8:55pm , 17th November 1996 I am holding her in my arms, just staring at her, she's mine, she's mine, she's mine. Am I really a Mum? Look at her she is soooo beautiful, her smell oh her smell, I can not get enough of her, wanting to never let her go.
20 years later, I hold her hand and let her go. She is all grown up now and has left home. We raised our kids to leave us and they are.
He is my little boy, my youngest, my sweet wee man. He is 18 now and getting on a jet plane to join the Air Force, bye my son, bye my wee man, who I used to hold in my arms.
I am crying, sobbing I know they have to leave us and we want them to but they are my babies. They have to go, they want to go. I see them with excitement and adventures in their eyes, mine just fighting back the tears that I can't show. My heart hurts and sings at the same time.
My emotions are all over the place, anticipation and excitement for them, and for us for our new adventures but it's a struggle to see the rooms empty out.
Apparently this is called empty nest syndrome!
I look at all the blogs, social media, magazine, TV shows, You tube channels focused on raising children. There is so much support and information out there now, it's great, especially for new Mums as it can be a lonely job. However there is not a lot when it comes to the other end of parenting, letting them go. Apparently the average age of children at home in New Zealand is 27!. I could not believe that, a fully grown adult still living with parents at 27.
So why at the age of 20 and 18 are our children leaving. It's simple really because they are adults and they need to be their own people have their own lives and most importantly take responsibility for it. When they were young we decided what sort of adults we wanted them to be and some of the characteristics they would need was independence and resilience. They had to learn skills to run their own lives, and it's sooo easy to run it for them and they will let you too. As a parent saying no and making tough decisions is very hard and often it is easier to fall back to doing it for them, or as Mr Dad would say, "you are enabling them"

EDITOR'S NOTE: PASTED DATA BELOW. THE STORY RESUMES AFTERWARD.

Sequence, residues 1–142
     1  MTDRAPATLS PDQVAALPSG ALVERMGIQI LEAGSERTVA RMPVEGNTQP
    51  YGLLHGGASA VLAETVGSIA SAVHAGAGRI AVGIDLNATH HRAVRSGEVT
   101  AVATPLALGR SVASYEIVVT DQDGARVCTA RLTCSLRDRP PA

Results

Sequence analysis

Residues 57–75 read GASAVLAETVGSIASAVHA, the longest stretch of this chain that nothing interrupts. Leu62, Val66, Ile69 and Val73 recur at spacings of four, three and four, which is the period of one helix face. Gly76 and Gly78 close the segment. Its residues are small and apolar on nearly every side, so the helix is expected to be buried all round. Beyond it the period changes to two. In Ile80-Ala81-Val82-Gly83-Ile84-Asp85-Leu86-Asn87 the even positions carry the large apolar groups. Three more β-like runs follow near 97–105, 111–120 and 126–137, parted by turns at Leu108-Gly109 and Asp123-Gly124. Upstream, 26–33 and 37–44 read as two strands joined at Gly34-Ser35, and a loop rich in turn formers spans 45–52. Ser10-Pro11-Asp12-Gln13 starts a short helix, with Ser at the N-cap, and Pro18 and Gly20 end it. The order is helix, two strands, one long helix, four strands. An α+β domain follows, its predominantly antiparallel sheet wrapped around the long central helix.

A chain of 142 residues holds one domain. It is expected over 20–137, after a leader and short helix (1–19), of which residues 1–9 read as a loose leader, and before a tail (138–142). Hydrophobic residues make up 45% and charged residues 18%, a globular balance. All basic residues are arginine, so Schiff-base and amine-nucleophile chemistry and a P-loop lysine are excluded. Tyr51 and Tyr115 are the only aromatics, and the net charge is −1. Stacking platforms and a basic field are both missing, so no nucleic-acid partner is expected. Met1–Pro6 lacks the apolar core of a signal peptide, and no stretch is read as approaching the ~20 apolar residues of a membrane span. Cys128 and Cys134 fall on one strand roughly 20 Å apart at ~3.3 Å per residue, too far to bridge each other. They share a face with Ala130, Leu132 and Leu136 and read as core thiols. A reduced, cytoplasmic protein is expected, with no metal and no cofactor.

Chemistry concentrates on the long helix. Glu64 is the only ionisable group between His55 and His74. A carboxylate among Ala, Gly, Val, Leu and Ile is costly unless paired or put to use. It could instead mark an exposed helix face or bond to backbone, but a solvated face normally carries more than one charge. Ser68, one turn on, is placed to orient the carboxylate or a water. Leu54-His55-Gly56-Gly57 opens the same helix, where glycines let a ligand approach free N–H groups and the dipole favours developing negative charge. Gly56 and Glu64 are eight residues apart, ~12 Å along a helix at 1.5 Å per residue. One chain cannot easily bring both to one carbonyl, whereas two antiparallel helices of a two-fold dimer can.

Ms 20 left home to go flatting at the start of her second year at University, she was actually 19. We live in the same city so she could stay at home as most students do. However she needs her own space and place to spread her wings. She worked hard and saved all her money to have a cushion behind her to go flatting. She is a full time student as well as working to cover all her expenses, she is not financially dependant on us.
Mr 18 is the same, having worked in school holidays since he was 15. He brought his first car and covered all running costs at the age of 17. The last 18 months have been dedicated to getting accepted into the Air Force, the goal which he achieved. He is also independent and not financially dependant on us and can't wait to get on that plane.
As parents this is the type of adult we wanted our children to be, we love to see them succeed on their own and not need us, no matter how painful that is because that is our job, to be parents. To show them the way to the door and watch them run out it into the sunshine!